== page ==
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Heckler got best of Love

Davis Love III is a poster child for the pampered sport of golf. Playing against Tiger Woods last weekend in the PGA’s version of man-to-man basketball, Love Number Three pretty much blamed a heckler for costing him the match. It seems someone wearing a black Nike cap kept shouting “No Love!” whenever Love approached the ball.

“I wasn’t going to play anymore until somebody got kicked out,” Love told reporters, “because he had already cost me a hole.” Love was referring to the 2nd hole, when a “No Love!” cry was heard just as Love was preparing to hit the golf ball.

“I wasn’t going to put up with it…You know, I don’t care if I win or lose. You’ve got to respect the game, and you’ve got to respect the players in the game. He didn’t deserve to watch golf.”



No you don’t and yes he did.

Let’s start with the respect part of Love’s argument. I appreciate anyone who can hit a tiny, white, dimpled ball 300 yards toward a gopher-sized hole with a flag planted inside. It’s not easy to do.




I also appreciate anyone who can hit a 100-mile-per-hour fastball 400 feet over a centerfield fence. Steroids or no steroids.

Respect, however, is quite another thing. I respect our men and women fighting in Iraq. I respected my parents when they were alive. I respected most of my teachers, our flag, my priest, cops and anyone who stands by his convictions, however illgotten they may be.

The game of golf and the men and women who play it don’t qualify – at least not until they allow hecklers on the course.

You want real pressure, watch an NCAA basketball tournament game. Let’s see if Davis Love Number Three could make a putt with 500 hecklers stomping feet and waving white hand-clappers in his face, as they do during a free-throw attempt.

Let’s see him hit a fastball in the bottom of the 9th inning of a World Series game as 50,000 fans are on their feet with flashbulb-popping cameras. Or, how about trying to call signals as the visiting quarterback at Arrowhead Stadium in Kansas City? Or down near the Black Hole crowd in the Oakland Coliseum? Or…how about running three-abreast around Turn Number One of a NASCAR race at 190 miles per hour? Davis Love Number Three might wet his pants under that kind of pressure.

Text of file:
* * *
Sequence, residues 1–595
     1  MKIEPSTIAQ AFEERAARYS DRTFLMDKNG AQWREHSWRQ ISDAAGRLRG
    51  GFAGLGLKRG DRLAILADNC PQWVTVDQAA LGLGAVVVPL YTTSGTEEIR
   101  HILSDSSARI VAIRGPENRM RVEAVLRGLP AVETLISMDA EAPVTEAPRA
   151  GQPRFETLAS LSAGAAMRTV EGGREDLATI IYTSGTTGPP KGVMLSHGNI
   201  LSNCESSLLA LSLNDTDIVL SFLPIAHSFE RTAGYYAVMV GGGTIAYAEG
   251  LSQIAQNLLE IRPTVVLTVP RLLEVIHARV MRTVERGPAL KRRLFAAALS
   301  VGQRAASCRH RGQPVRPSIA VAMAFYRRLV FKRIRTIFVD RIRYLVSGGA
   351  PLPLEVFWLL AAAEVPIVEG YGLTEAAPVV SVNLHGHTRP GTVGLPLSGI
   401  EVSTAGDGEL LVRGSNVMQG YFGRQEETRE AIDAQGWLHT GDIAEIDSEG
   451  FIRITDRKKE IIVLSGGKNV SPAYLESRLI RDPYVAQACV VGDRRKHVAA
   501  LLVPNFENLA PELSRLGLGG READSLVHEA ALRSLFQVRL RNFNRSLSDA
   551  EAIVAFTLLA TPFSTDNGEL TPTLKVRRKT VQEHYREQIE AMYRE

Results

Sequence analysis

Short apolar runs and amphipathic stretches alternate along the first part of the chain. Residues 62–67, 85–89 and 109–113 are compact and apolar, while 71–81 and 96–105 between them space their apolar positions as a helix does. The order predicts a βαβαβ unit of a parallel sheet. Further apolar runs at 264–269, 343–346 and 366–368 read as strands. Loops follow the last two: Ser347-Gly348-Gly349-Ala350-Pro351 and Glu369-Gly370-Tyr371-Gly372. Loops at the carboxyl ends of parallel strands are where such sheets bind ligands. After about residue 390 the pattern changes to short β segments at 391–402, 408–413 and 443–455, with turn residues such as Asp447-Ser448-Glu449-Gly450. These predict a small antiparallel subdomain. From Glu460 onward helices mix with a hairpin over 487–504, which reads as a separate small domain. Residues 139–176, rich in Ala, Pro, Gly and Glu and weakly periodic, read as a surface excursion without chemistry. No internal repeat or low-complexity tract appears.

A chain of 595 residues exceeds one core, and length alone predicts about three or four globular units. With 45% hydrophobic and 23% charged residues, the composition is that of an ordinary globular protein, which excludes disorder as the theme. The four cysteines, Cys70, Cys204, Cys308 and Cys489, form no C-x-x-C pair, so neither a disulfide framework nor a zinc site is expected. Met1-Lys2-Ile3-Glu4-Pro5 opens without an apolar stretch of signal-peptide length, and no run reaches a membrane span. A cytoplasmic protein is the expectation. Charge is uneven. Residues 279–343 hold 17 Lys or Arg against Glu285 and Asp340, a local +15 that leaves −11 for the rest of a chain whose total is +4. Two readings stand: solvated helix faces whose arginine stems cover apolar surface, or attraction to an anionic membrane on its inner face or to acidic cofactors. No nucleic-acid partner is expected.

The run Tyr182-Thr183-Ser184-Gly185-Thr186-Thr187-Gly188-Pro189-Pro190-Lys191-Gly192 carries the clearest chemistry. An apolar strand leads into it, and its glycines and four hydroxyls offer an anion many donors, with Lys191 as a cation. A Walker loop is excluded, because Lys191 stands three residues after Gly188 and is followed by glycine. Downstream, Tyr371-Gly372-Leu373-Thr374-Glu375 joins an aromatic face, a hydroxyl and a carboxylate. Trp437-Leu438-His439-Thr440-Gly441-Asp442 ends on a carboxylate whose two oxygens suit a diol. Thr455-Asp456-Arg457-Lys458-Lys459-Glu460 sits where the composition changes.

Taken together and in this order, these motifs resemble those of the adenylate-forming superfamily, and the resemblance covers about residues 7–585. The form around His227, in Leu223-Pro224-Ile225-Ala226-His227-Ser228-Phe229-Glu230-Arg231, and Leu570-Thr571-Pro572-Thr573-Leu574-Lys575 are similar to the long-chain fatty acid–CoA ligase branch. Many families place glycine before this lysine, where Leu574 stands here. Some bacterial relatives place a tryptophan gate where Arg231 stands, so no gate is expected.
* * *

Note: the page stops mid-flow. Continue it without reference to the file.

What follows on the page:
Message to golfers: Just walk up and hit the damned ball, will ya? Spare the gallery your dirty looks. They are the reason you get to win $1 million during a four-day vacation in Hawaii while the rest of us are at home wearing long-johns watching you on television as the announcers whisper the play-by-play. “Davis Love approaches his ball (tweet, tweet go the birdies)…his feet are perfectly attached to his ankles (buzz, buzz go the bees)…see the way he grips his club …fingers laced…shoes polished…” You just want to scream, “HIT IT ALREADY!!!!!”

Granted they’re good. I’d be, too, if I didn’t have to work when the sun was out. At least I’d good enough to make it to the clubhouse with a couple of golf balls left in my bag, which is how I distinguish a good round from a poor one. One day I was down to the range balls I stole from a public course in Nevada. The ones with the red stripes. “Hey, Ackerman!” my co-players complained. “Are you playing the range ball again?”

As far as the fan not deserving to watch Love play…yes he did. He probably paid to get in and it’s not as if he ran up and kissed Love Number Three on the mouth, or anything like that. He was simply reminding him that he’s not good enough to beat Tiger. Something that Love Number Three should have acknowledged himself after the match.

“Yeah…some guy yelled at me and that was rude,” Love Number Three should have said. “But not as rude as getting worked by Tiger harder than an Indonesian in a Nike factory.”

Tiger has had his moments, but at least he gets the difference. I saw him on the sidelines of a recent Stanford basketball game that ended with a buzzer-beating shot. He stormed the court with the rest of the student body and was preparing to jump on the dog pile at mid-court before remembering he was Tiger. Imagine the entire gallery rushing the green following a 30-footer on the 18th at Augusta and dog-piling Davis Love Number Three.

Pressure? There’s no pressure in golf. Not until they start bringing the gallery close enough to smell the players’ breath. Not until we can see six, bare-breasted, beer-bellied fans with black letters painted on their chest spelling a collective, “NÐO-L-O-V-E” while screaming, “MISS IT!” at the top of their lungs.

Jeff Ackerman is publisher of The Union.


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